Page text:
Four Freedoms: A 21st Century Interpretation-Submissions *Cancelled*
***Due to the disruption of Covid-19, Four Freedoms: A 21st Century Interpretation student art project has been cancelled for 2020. ***
Four Freedoms: A 21st Century Interpretation
October 2, 2020- April 18, 2021
National Museum of the Pacific War
The National Museum of the Pacific War invites all children ages 12-18 to participate in our showcase. What do the Four Freedoms mean to you in the world today? That is what this exhibit explores and encourages kids to discover for themselves. Deadline for submissions is July 1, 2020.
We are asking children ages 12-18 to submit their artwork showing their interpretation of one of the Four Freedoms. The selection Committee will select a total of 48 pieces of art to put on display. We have provided "Brain Builders" to help artists put their thoughts together before getting started on their pieces. These "Brain Builders" help explain what the Four Freedoms are and how an artist can use it in their piece. An artist might choose to reverse the freedoms on themselves to interpret the freedoms or switch the freedoms. For example, an artist could be inspired to use the "Freedom of Speech" as their freedom, but instead say their art partains to "Freedom from Speech." Another Example would be "Freedom from Want" but instead say "Freedom to Want." . The "Brain Builders" worksheet will help explain how to reverse said freedoms.
HIstory of the Four Freedoms
By the end of 1940, the German Army had taken over much of Europe and Great Britain was struggling to maintain its independence. In America, it was a time of isolationism. President Roosevelt understood the gravity of Britain's plight and their need for American support, however he still had to convince isolationist America. On January 6, 1941, in his annual State of the Union Address, President Roosevelt delivered the Four Freedoms speech, intended to convince the American public to be more engaged in the world.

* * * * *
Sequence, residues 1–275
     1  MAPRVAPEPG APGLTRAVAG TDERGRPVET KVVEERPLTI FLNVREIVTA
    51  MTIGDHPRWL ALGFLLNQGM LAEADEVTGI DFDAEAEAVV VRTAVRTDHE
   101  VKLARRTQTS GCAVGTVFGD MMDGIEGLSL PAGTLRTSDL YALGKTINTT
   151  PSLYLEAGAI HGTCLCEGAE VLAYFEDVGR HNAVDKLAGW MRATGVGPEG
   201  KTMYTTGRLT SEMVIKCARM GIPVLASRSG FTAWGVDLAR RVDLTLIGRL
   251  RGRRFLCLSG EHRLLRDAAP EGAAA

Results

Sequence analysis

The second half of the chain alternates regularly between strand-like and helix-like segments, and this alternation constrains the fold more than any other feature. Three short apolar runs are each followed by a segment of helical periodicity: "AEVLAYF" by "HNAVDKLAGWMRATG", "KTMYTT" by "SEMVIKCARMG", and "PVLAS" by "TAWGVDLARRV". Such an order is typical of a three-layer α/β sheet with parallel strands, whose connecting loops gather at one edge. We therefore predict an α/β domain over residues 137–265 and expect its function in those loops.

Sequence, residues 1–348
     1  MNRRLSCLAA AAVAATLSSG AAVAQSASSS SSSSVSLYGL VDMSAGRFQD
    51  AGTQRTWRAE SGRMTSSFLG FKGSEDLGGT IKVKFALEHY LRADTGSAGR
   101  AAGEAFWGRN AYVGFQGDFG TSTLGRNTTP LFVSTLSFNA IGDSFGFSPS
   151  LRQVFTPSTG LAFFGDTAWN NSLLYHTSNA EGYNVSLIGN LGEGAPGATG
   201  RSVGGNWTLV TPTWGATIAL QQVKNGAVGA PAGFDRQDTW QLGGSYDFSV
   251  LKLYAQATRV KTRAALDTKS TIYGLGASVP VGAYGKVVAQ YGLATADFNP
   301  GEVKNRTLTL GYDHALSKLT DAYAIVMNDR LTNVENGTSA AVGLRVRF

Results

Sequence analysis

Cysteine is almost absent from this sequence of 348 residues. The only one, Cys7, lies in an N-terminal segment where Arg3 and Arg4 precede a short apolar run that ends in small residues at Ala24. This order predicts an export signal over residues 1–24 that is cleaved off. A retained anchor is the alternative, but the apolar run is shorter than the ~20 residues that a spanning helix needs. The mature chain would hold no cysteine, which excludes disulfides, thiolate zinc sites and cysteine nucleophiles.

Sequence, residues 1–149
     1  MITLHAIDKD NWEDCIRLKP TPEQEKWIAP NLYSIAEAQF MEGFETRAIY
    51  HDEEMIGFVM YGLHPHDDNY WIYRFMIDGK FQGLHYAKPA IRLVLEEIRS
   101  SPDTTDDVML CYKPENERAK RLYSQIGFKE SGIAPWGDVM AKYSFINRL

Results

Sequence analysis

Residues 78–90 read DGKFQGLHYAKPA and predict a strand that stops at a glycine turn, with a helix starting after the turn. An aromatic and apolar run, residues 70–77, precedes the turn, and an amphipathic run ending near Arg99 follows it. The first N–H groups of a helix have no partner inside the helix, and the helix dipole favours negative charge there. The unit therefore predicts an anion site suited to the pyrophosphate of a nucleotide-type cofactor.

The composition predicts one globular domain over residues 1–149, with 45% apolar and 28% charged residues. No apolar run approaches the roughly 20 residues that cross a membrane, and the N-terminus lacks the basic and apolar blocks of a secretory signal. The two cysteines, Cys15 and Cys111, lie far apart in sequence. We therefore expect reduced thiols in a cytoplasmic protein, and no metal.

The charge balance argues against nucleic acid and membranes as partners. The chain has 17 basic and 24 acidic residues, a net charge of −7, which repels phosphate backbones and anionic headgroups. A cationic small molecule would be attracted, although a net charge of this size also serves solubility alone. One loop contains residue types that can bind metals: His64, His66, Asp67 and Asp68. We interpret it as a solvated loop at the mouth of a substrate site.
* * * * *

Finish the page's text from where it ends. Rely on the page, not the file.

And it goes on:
Unfortunately, the Four Freedoms speech was not received well and failed to connect with Capitol Hill, journalists, and the American public. With continuous efforts from the White House, the Office of War Information, and artists, the Four Freedoms was given new vitality and importance.
After the war, through the work of Eleanor Roosevelt, the Four Freedoms became a significant component of the Universal Declaration of Human Rights, adopted December 10, 1948.
How To Enter.
- Read and understand the rules for creating and submitting art for this exhibit
- Fill out the online form and upload up to 5 JPEG images of the artwork
To submit art, the online form must be completed. This includes signing the Consent Indemnity either by printing off and scanning the form, or digitally signing using the online form. If parent/guardian does not consent the piece cannot be considered for the showcase.
Rules to Enter
- If 2D- Items must come to us ready to hang and must have a width of 2ft
- If 3D- Art must be 2 sq/ft
- Artwork must weigh 3lbs-5lbs maximum
- Curse Words, nudity, and violent imagery are allowed if it pertains to the topic/subject matter of the particular freedom
- This contest is available for all children, from the United States or abroad, within the ages of 12-18
- Artists are only allowed to submit one piece of art
- There is no entry fee for this contest.
- All artwork submitted must be original. No prints, giclees, or photography produced artwork will be accepted
- Artwork cannot be original photography
- The artwork must be created within the year of the deadline
- Do not send your submission to the museum unless the museum has informed you that your artwork has been selected for the showcase.
- Art will be submitted online-up to 5 photos of their artwork can be submitted.
- The art must be created without assistance from anyone else
- The artist may choose to sign their artwork, there will be a label stating who did the piece so signing isn't necessary
- Designs must not include company logos, product brands, or store names.
- Please know that art selected and sent to the museum will NOT be returned to the artist.
-No Bodily Fluids
-No Hazardous Materials
-No Animals (live or dead)
-No Hair or Fur
-No performance art, photography, film, or musicSubmit Your Art Here!
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